“Remember the name…” said Clive Tyldesley as the ball arced past Arsenal’s David Seaman and in off the crossbar.
That, 15 years on, the sentence can still be completed by football fans the world over is testament both to its powerful simplicity as a piece of commentary and the brilliance of the strike it described.
It was a purely instinctive line to mark the first Premier League goal of a 16-year-old Wayne Rooney and one of the most iconic moments in Everton’s recent history.
Or, then again, maybe not.
“It was actually a direct lift from a gentleman whose name I can never quite establish,” Tyldesley tells evertonfc.com a decade and a half on. “I had a very good friend who was an Everton Season Ticket holder in one of the lounges at the time called Ernie Perez, who was very good to me and my dad.
“He had a pal, I can see him now - he had a very striking beard and moustache.
“He came to me at the end of a charity function at the Club a couple of months earlier and was whispering to me about Wayne Rooney, and it was his way of tipping me off. It was him who said, ‘Remember the name, Wayne Rooney’, and, for some reason, that came to mind. A Season Ticket holder at Everton, he gave me the line. Although he did also tell me a few other names which I’ve never found myself saying!”
As well as learning of Rooney via the hearsay of excited Evertonians, Tyldesley recalls arriving at Goodison that October afternoon, intrigued to see if the teenager who had netted his first senior goals in a League Cup tie at Wrexham two weeks earlier - and whose name had long been whispered in football circles - would be involved.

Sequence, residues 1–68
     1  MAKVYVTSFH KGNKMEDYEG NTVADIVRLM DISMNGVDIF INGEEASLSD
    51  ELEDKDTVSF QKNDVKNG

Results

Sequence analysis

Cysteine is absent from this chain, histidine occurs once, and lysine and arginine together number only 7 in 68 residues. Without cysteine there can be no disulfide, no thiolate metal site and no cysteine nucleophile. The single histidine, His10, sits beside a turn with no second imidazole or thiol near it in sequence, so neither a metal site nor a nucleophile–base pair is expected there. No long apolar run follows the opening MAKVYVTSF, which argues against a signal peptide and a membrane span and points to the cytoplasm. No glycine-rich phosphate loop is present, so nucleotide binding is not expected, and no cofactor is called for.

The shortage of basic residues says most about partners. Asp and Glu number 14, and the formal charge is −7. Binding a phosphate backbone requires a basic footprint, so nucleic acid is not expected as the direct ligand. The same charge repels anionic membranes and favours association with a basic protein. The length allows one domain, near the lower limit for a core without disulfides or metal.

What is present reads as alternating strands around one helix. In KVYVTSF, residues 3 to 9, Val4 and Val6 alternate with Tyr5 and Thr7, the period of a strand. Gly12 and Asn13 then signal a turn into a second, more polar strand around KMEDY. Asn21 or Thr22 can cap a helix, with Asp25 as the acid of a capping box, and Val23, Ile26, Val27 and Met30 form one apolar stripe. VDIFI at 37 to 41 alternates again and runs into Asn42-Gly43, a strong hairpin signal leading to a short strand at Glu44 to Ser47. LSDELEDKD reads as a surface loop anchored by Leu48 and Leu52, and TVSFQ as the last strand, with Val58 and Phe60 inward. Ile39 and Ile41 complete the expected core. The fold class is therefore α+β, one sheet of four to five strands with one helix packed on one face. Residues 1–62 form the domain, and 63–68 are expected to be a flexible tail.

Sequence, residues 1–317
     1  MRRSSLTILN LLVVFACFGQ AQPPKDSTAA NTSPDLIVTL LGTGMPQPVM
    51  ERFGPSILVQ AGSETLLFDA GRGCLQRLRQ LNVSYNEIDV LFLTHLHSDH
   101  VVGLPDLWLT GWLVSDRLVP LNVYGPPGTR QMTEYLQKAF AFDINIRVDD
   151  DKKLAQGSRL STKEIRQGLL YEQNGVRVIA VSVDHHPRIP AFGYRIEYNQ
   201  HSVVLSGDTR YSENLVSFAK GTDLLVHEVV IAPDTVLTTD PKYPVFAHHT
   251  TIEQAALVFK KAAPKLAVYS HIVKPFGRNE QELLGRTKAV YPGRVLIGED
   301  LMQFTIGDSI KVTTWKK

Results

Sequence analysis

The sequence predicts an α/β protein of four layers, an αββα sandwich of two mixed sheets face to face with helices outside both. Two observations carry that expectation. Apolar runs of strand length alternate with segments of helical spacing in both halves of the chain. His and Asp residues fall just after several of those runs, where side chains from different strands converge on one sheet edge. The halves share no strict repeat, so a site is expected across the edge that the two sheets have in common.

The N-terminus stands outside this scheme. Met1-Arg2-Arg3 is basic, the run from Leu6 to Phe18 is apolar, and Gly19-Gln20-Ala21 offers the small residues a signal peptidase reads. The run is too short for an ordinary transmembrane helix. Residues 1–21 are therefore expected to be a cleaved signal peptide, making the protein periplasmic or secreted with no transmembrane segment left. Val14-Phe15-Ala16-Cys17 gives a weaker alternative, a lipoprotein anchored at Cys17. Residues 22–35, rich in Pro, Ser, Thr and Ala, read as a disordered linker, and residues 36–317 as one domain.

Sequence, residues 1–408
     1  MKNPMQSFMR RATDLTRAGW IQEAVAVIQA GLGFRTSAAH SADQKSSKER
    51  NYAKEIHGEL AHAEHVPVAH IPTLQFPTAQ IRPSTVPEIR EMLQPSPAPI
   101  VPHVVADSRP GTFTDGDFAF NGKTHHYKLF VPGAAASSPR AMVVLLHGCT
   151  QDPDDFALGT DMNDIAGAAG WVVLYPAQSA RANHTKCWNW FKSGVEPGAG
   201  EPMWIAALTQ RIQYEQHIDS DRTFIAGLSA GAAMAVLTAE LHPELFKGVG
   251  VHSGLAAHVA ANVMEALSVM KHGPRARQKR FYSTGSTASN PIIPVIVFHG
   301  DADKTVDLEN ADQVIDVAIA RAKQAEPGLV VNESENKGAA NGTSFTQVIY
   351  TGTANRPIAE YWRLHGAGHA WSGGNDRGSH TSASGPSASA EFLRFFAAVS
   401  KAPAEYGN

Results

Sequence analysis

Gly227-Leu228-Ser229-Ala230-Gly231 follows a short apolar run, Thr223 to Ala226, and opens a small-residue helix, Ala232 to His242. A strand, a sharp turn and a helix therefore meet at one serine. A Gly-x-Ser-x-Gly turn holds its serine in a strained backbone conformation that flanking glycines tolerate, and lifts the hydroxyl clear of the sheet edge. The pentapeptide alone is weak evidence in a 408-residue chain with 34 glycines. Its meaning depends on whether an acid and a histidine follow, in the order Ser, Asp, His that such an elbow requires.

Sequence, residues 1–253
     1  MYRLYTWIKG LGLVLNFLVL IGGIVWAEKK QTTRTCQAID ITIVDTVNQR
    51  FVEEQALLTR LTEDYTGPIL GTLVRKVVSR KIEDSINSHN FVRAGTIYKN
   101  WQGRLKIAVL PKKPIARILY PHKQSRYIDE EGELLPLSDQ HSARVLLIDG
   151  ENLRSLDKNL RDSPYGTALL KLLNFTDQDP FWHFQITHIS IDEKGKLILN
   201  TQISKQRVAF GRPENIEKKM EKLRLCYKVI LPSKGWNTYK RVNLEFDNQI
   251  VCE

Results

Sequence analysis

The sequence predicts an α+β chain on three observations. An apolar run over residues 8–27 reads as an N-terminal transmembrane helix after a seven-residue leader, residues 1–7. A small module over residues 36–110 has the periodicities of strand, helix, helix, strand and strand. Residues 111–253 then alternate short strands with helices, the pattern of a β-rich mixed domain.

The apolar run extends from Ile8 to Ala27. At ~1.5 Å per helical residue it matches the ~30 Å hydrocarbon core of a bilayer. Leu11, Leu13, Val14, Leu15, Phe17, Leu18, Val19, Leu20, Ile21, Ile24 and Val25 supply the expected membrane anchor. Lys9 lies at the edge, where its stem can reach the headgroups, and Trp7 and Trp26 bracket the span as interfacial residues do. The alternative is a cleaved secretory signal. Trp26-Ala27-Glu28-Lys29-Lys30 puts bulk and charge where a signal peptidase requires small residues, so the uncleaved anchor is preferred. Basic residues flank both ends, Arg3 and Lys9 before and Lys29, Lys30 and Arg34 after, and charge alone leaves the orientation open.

“I think a lot of us were aware of him and his growing reputation,” the Radcliffe-born 63-year-old says. “Great judges and indeed harsh judges such as Colin Harvey had been quietly waxing lyrical about his ability. He had shown what he was capable of in the FA Youth Cup, he demanded a chance in the first team with those performances at junior level, it had come and he had capped it at Wrexham by scoring.
“I often think that when I see the film of the Arsenal goal - that Arsene Wenger must have been aware of his name, and must have briefed his players.
“But the long looping ball forward by Thomas Graveson came to Wayne, who controlled it instantly and turned, and you see the Arsenal players step back. No-one went towards him, almost saying, ‘We have heard about you, now show us what you have got’. And he showed them with the most magnificent strike, and a really important goal too, because it was a winning goal.
“I still remember, though, he almost capped it a minute later with an even more impudent attempt to chip David Seaman that landed just on the roof of the net down at the Park End.”
Having followed Rooney across the globe since that moment, to Champions League finals, Premier League title wins and almost all of his record-breaking 53 England goals, Tyldesley believes the curling effort that ended Arsenal’s unbeaten 30-game run and introduced his name to those football fans who, unlike Ernie Perez’s friend, were unaware of his talents, remains his most iconic.
“I think Wayne is a delightfully old-fashioned, natural, instinctive footballer who has left us with so many memories,” adds Tyldesley. “If you were to ask fans to name the single biggest moment of Wayne Rooney’s career, there would be some candidates. But, for me, his first great moment in football is his most memorable.
“I think the lasting memory of Wayne’s career - and it is far from over - is the first memory he gave us. That first glimpse of what he was capable of. It was a wonderful moment.”